3 Natural Treatment for Food Addiction

3 Natural Treatments for Food Addiction
By Iris Bell, M.D. Ph.D.

Food addiction is a real and serious biochemical problem of the brain that affects behavior and needs a multi-pronged treatment approach. Specific diet plans are the foundation of therapy, with abstinence (complete avoidance of the trigger foods) essential. Although natural treatments other than diet for food addiction get less attention, several strategies may help you get through the initial treatment phase.

Overall, to come up with ideas that might help, it is important to think about the biochemistry of the brain pathways involved in developing cravings and experiencing reward. The pathways include what is called the mesolimbic system, which relies in part on the brain transmitter dopamine. Other neurotransmitters that regulate dopamine in that region include glutamate (excitatory) and GABA (inhibitory).

In addition, many foods stimulate release of natural endorphins, the morphine-like peptide hormones of the brain and body. Endorphins can contribute to the calming effects of certain highly rewarding foods like sweets and/or fats. Finally, the gut digests the proteins from specific foods like wheat gluten or milk casein into morphine-like peptide hormones called exorphins.

With that background in mind, let's look at 3 natural treatments other than restrictive diets that might help people with food addiction get back in control of their eating behavior:

1. Wild ginseng - Wild ginseng is an herb available over-the-counter that has demonstrated an ability to cut down on morphine-triggered sensitization in rats.

Scientists believe that sensitization, i.e., adaptive changes in the function of cells that regulate dopamine release and behavioral responses by the mesolimbic pathways, contribute to cravings for many different addictive substances. Addictive substances include drugs like morphine, cocaine or amphetamine and foods like table sugar (sucrose). In sensitization, the same stimulus repeated intermittently leads to the progressive amplification of responses because of changes in the individual who has received the stimulus (or drug) or a cross-sensitized stimulus (or drug).

In addition, stress itself can cross-sensitize with cocaine or amphetamine, which means that once sensitization has taken hold, there are many different, seemingly unrelated factors that can set things off again.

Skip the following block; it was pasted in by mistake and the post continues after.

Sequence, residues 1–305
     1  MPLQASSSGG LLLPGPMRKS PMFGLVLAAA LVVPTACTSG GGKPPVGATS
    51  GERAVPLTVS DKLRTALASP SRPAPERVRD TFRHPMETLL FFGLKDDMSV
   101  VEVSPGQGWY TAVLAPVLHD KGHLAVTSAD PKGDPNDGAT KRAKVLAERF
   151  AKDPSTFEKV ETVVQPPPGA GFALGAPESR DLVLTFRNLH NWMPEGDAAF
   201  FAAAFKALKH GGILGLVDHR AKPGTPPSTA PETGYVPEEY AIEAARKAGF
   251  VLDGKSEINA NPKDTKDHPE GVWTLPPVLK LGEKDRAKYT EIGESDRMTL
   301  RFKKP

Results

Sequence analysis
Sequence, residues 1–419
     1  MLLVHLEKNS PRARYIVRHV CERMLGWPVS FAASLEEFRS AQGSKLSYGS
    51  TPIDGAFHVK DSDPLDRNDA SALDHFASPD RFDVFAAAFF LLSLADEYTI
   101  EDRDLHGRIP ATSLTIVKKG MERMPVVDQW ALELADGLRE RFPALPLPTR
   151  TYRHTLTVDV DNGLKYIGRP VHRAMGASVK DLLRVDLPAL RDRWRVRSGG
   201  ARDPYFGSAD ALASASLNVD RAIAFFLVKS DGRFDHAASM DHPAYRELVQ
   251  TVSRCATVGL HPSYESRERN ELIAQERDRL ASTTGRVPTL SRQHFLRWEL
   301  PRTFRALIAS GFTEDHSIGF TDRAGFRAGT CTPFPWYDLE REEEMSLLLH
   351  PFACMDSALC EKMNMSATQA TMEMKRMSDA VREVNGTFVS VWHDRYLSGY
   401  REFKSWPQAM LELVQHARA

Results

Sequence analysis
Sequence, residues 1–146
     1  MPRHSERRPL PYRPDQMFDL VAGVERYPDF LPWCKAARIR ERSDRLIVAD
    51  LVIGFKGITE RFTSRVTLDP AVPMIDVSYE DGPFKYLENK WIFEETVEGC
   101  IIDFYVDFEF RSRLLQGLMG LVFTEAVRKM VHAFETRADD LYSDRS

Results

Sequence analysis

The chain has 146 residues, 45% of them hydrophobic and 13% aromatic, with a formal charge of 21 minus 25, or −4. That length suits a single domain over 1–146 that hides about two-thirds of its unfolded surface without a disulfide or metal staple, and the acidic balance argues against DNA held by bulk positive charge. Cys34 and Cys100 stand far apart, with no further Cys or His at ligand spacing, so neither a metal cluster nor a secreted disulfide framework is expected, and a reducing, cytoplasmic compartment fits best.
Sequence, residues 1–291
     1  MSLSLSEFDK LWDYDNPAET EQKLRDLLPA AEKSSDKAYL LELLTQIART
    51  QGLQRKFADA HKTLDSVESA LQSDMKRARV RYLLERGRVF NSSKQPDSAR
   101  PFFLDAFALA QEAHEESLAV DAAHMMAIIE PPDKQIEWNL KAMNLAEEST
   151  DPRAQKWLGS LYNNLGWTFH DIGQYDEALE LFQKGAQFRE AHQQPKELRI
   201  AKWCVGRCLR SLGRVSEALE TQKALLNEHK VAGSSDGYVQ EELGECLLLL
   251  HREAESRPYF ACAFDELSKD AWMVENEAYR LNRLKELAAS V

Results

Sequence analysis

Finding ways to block the development and/or expression of sensitization may help reduce the addictive potential of drugs or foods that act on those brain pathways. Wild ginseng appears to be more effective than Panax ginseng in inhibiting the biochemical changes associated with developing sensitization to morphine.

2. N-Acetyl-Cysteine (NAC) - NAC is an antioxidant and amino acid available over-the-counter that can alter the changes that a stimulant drug like cocaine can cause in the mesolimbic pathways of the brain involved in sensitization. In this case, NAC may balance effects of another brain biochemical called glutamate, which is an excitatory amino acid involved in many essential brain functions. NAC cannot prevent the immediate effects of addictive substances, but it can cut down on the progressive growth of the sensitized response in the brain and behavior.

Furthermore, NAC together with bethanechol, a parasympathetic substance, can mimic feeding signals in the body and reverse insulin resistance seen in diabetic animals who had been eating a high-sucrose diet.

3. Acupuncture - Acupuncture is an ancient healing technique that involves the insertion of very thin needles into specific points (acupuncture points) of the body. Acupuncture practitioners are highly trained experts who know when, where and how to stimulate or sedate a point to produce desired therapeutic effects.

Chinese medicine theory suggests that these usually superficial acupuncture points fall along pathways called meridians as part of a complex, subtle network. The acupuncture network is separate from nerves, blood vessels or other physical structures in the body, though connective tissue may be involved.

Meridians run literally from head to toe. Sophisticated brain imaging tests have shown that inserting needles into specific acupuncture points along the body can change activity of specific brain pathways located physically far away in the body from the point where the needle was inserted.

Research has shown that acupuncture can cut down on cocaine-sensitized behaviors in association with changes in the dopamine reward pathways of the brain. Acupuncture at a specific point can also cut down on morphine seeking behavior and withdrawal symptoms in morphine-addicted animals. The brain transmitter GABA may be involved in this beneficial set of effects.

Overall, these 3 integrative approaches taken from alternative medicine may offer some helpful strategies for people trying to overcome food addiction. But, every person's situation is unique. You should always consult your own physician, acupuncturist, and/or naturopathic doctor about what may or may not be advisable and safe for you.

To discover more tips for self help and natural approaches on how to stop food addiction, claim your copy of our 7-part mini-course on food addiction at Overcome Food Addiction today.

Article Source: http://EzineArticles.com/?expert=Iris_Bell,_M.D._Ph.D.

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